Although El Greco was known for his religious and forbidden works, reflecting the essence of Spanish fundamentalism of that time, he was also an outstanding portraitist whose paintings stand alongside the works of Diego Velasquez and Van Dyck.
Greco’s picturesque style was formed by a number of different factors, including his study of icon painting, traditional Byzantine art and Mannerism, interest in Venetian painting, and the influences of Spanish mysticism in the city of Toledo. In addition, the master borrows some techniques of working with color in Titian, the dramatic lighting of Tintoretto,
Fernando Niño de Guevara, whose portrait is depicted on the canvas, was one of the most prominent figures of Spain, served as Grand Inquisitor, archbishop and president of Grand Chancellery. After his death, the cardinal was buried in the monastery of Toledo San Pablo. It is believed that this portrait was created to decorate his grave. Fernando was one of a number of high-ranking people, working with whom El Greco became known as one of the best portraitists of the era.
This picture is fascinating for several reasons, in particular, thanks to the unusual attitude of the artist and cardinal. Nine years before the creation of this portrait, El Greco is deprived of orders by government officials, however, recognition and enthusiasm among patrons from the churches and monasteries of Toledo continues to be recognized. But he does not get into the center of general attention. From the artist’s point of view, the order for influential and well-known Fernando Niño de Guevara should be made as flattering as possible, presenting the cardinal in the most favorable light. Instead, the Greek painter created a work that amazes morbid honesty and realism.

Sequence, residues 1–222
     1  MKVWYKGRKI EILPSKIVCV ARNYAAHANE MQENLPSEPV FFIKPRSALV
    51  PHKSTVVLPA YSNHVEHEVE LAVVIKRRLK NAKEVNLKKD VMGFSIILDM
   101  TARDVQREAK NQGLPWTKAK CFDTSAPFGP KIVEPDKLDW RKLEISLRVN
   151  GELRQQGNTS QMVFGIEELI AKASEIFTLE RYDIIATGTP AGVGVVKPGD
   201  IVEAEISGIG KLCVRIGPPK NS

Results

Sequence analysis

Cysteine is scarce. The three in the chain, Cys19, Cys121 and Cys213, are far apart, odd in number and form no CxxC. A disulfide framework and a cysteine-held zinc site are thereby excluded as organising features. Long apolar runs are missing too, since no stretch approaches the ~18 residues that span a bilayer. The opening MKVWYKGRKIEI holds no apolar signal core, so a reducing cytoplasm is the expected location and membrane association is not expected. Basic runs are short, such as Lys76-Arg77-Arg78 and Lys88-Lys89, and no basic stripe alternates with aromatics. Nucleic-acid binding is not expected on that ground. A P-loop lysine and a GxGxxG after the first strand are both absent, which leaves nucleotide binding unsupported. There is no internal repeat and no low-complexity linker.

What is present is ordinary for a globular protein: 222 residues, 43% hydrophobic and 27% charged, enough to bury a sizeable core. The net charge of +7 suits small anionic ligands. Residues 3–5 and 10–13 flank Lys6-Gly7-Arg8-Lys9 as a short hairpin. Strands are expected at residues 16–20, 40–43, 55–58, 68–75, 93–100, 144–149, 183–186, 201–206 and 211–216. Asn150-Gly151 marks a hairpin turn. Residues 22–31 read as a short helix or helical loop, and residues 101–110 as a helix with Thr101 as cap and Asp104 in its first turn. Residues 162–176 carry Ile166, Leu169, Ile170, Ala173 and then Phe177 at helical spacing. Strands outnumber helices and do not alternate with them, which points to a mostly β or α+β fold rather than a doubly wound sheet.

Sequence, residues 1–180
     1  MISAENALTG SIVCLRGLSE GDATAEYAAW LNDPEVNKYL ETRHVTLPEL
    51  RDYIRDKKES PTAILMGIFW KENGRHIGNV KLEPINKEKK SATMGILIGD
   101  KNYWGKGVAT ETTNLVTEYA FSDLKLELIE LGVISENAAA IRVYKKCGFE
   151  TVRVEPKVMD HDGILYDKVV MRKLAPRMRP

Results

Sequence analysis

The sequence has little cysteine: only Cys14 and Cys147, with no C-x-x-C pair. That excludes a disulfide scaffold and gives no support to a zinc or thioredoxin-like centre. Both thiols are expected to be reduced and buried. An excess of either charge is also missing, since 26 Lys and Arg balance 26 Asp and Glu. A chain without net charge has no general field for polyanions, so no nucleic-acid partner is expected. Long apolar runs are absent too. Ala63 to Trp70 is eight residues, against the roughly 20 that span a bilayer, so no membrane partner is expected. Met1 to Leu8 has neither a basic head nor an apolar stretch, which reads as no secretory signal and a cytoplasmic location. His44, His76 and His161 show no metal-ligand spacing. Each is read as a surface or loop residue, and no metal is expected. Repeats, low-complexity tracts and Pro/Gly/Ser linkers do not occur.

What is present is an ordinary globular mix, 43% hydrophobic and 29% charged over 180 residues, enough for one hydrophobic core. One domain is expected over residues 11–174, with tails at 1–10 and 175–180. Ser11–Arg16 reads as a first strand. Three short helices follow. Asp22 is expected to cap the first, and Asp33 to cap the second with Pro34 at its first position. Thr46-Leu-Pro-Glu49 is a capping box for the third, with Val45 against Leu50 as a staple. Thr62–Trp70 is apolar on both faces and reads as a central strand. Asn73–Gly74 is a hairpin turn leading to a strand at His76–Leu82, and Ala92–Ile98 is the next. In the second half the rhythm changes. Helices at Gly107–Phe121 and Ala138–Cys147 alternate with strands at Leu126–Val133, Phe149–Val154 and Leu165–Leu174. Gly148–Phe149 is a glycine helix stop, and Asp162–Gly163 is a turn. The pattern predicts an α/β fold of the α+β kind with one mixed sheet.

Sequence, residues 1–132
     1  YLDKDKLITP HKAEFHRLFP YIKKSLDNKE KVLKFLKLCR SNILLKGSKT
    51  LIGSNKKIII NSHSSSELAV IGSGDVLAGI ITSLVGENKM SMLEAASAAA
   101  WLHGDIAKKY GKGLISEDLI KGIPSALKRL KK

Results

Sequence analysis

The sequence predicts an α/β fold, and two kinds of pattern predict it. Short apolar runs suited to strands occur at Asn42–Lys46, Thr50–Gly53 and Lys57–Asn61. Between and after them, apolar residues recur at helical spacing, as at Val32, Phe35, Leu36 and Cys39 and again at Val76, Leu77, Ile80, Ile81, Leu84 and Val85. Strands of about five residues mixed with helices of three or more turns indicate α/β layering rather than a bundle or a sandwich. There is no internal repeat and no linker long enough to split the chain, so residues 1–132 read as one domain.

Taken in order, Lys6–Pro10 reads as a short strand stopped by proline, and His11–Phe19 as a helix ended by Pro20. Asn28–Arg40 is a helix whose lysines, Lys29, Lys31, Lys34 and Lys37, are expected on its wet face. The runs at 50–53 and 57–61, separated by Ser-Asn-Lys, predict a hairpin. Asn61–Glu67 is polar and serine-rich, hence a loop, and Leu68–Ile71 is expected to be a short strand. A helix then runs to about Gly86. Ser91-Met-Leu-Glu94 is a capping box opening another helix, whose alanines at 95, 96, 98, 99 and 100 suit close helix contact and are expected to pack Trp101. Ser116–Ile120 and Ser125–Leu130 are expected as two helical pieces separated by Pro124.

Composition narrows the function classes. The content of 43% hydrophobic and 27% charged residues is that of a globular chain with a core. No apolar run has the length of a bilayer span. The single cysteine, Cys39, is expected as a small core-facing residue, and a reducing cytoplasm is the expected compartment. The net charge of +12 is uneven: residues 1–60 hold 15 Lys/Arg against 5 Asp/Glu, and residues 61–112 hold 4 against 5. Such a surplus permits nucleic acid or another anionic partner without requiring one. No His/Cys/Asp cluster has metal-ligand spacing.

Usually, El Greco signed his work with the phrase “Domenico Theotokopoulos did it.” In this portrait, the artist’s signature can be seen on a piece of paper lying at the feet of the cardinal.
The cardinal is depicted sitting on a velvet chair in a crimson robe, and his figure is slightly inclined diagonally, which adds more depth to the composition. The head of the Spanish Inquisition looks at us through the glasses, and is surrounded by the symbols of his high position. The exquisite outfit is enhanced by the icy stamina and detachment of this ruthless Inquisitor General, who has promised to persecute heretics everywhere.
On closer examination, however, it is clear that El Greco mocks and taunts the cardinal, since the viewer’s attention is focused on inanimate decorativeness. Great attention is paid to color, folds, drapery of clothes and other details depicted in the smallest detail. The Inquisitor himself takes much less space, and despite the magnificent garments, is represented by a small man. His character is also criticized. The cardinal is hiding behind the glasses of glasses.